TV chef and obesity campaigner Jamie Oliver reveals he is overweight

TV chef Jamie Oliver who campaigns against obesity reveals he is a stone overweight himself as he aims to lose the lard with a personal trainer

  • The Naked Chef has enlisted Jamie Sawyer to help shift the excess pounds 
  • He said: ‘I was always in good nick…and then I started to get a little too chunky’
  • Dad-of-five’s new health kick is in line with a wider campaign to tackle obesity
  • He has launched a campaign to ban fast food advertising before 9pm watershed

Battle of the bulge: Jamie Oliver has revealed he is a stone heavier than he should be

He’s used to throwing his weight behind campaigns to improve the nation’s eating habits.

But it seems that weight has become heftier than TV chef Jamie Oliver would like, after revealing he has hired a celebrity trainer to help him shift the excess pounds.

The Naked Chef’s close friend Jamie Sawyer has been enlisted in his own personal battle against the bulge.

Speaking to The Sunday Mirror, he said: ‘I am four kilos… six kilos… heavier than I should be.

‘I will get rid of it in the next couple of months. I was always active as a kid and in pretty good nick until maybe the beginning of my 30s.

‘And then I started to get just a little bit too chunky.’

The father-of-five’s new health kick is in line with a wider ambition to pressure the Government into delivering a proper strategy to beat childhood obesity.

He recently unveiled a manifesto covering everything from food labelling to GP training, better catering for hospital workers and properly banning the sale of energy drinks to under-16s. 

Jamie, who is said to be worth an estimated £240million, is also campaigning for a ban on advertising junk food prior to the 9pm watershed. 

Jamie pictured aged 25 in 2001, and right, looking a little heftier in 2013, aged 37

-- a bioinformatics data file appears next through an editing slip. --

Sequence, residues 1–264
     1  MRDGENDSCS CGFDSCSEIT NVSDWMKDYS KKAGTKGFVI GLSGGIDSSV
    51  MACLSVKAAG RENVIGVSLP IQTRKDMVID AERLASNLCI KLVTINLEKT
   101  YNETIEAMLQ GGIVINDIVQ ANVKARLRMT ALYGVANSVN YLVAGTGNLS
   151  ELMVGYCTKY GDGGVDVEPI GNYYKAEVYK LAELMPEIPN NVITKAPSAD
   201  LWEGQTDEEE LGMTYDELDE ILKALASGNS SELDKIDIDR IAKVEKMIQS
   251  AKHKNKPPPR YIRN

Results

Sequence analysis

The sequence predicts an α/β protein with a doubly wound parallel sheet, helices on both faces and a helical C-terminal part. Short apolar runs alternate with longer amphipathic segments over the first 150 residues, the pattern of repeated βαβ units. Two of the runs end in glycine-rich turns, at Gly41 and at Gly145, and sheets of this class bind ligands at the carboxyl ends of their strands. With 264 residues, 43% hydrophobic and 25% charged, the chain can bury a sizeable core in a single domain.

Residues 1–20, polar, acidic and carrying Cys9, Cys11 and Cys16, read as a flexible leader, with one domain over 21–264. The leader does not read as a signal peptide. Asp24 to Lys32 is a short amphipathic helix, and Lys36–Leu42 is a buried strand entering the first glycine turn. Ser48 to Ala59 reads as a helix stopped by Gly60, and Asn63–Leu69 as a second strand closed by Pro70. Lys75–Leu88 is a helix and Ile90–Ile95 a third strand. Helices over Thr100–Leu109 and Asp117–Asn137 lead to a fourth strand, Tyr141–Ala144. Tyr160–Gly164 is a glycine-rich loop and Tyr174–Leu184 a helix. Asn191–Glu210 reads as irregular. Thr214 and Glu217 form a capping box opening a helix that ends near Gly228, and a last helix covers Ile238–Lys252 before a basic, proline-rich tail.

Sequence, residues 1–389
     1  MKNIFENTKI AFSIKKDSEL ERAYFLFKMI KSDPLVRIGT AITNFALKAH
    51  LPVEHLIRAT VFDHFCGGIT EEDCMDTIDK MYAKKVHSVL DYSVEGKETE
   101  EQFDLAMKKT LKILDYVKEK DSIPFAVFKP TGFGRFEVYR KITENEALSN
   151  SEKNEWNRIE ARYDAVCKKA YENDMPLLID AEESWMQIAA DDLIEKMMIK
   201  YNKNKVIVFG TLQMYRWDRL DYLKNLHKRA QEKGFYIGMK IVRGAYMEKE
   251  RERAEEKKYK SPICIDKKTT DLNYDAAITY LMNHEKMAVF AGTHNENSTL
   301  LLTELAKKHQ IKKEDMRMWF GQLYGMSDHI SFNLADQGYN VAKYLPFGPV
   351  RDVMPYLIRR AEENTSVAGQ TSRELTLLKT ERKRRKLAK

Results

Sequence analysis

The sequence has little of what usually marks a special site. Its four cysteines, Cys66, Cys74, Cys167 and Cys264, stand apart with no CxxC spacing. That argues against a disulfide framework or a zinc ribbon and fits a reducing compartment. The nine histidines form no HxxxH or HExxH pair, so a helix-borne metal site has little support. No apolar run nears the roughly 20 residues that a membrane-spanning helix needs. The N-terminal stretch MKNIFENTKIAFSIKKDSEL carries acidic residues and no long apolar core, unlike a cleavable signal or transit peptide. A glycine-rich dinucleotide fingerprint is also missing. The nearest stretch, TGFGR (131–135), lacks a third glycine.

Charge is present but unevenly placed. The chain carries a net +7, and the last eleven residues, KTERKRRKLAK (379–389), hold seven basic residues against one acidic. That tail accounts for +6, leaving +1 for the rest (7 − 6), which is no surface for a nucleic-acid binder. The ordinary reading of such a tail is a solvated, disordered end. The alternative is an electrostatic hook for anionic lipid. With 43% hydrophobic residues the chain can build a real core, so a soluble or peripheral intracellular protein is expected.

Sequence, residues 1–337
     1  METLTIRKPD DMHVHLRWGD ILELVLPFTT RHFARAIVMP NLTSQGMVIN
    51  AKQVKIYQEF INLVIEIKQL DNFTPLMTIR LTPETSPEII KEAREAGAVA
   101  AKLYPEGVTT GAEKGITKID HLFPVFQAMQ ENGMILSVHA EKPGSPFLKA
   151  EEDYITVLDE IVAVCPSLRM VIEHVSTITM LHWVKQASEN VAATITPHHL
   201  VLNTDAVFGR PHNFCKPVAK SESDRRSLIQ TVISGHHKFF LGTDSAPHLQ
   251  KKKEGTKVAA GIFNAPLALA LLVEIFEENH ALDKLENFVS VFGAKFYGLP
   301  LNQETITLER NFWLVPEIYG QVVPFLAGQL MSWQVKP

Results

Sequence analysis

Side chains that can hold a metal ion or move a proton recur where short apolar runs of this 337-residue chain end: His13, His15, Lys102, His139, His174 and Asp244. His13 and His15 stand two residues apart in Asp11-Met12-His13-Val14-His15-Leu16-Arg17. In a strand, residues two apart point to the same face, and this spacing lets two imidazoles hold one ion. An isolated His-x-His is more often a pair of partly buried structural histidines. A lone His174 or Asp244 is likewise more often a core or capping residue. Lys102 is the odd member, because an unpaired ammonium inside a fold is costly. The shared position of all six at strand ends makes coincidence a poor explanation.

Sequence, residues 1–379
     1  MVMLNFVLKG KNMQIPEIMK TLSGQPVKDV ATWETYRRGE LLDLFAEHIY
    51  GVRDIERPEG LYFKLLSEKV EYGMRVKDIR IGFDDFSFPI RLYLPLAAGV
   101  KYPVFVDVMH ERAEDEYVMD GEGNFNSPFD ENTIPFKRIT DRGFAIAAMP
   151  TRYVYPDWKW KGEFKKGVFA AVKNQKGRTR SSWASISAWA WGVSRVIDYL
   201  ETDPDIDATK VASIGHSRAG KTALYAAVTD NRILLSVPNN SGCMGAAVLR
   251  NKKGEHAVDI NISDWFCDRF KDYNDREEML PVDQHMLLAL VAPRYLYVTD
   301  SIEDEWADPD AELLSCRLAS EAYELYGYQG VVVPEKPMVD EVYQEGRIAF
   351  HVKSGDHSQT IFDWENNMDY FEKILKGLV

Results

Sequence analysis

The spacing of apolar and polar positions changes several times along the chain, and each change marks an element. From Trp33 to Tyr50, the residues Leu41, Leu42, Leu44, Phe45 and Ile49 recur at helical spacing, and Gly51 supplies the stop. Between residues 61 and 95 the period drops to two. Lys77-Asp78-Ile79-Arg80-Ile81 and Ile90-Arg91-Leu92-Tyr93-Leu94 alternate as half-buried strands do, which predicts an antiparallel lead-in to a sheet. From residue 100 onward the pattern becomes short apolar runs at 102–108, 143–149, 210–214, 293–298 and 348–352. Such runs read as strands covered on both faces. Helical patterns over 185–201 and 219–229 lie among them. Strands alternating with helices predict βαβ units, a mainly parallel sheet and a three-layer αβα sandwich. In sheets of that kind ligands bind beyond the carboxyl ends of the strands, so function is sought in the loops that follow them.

In a post on his website, the 42-year-old chef wrote: ‘It’s time we put child health first. I’m calling for the government to introduce a 9pm watershed on junk food advertising on TV, and for proper controls on what ads kids see online, in the street and on public transport.

‘Crucially, this campaign isn’t about stopping big brands from advertising full stop; it’s about making sure kids aren’t being targeted with unhealthy products.

‘It’s about controlling the time and place.’ 

Jamie Oliver has long promoted healthy food in a bid to tackle rising childhood obesity 

And earlier this week, the restaurant entrepreneur backed a joint letter written to the Prime Minister urging her to do more to tackle the nation’s obesity crisis.

The cross-party letter, signed by Jeremy Corbyn, Nicola Sturgeon, Sir Vince Cable, Caroline Lucas and Jonathan Bartley urge Theresa May to ‘take bold action to tackle one of the greatest health challenges of our time’.

They call for 13 measures, including an end to buy-one-get-one free junk food deals. 


  • Ban TV ads for food and drinks that are high in salt, fat or sugar before the 9pm watershed. Restrict advertising on social media, billboards, bus stops and sports stadiums as well as outside schools. Ban the use of cartoon characters and celebrities to promote these foods. Ban cheap promotions that encourage people to buy them. 
  • Expand the sugar tax to cover more products.
  • Set compulsory targets for sugar and calorie reduction in food and drink.
  • Ban the sale of energy drinks to anyone under 16, requiring ID.
  • After Brexit, bring in new, clearer colour-coded pack labels so no food high in salt, fat or sugar can be sold as a healthy alternative.
  • Enforce proper food standards for all school meals, across the age range, monitored by Ofsted.
  • Compulsory training for GPs on aspects of nutrition, with patients weighed at every visit.
  • More support for national programmes to measure and weigh children.
  • Improve catering in public buildings so there are healthy options, particularly for shift workers and NHS staff.
  • New powers for local authorities to limit hot food takeaways near schools. 
  • New Government target to halve childhood obesity by 2030. 




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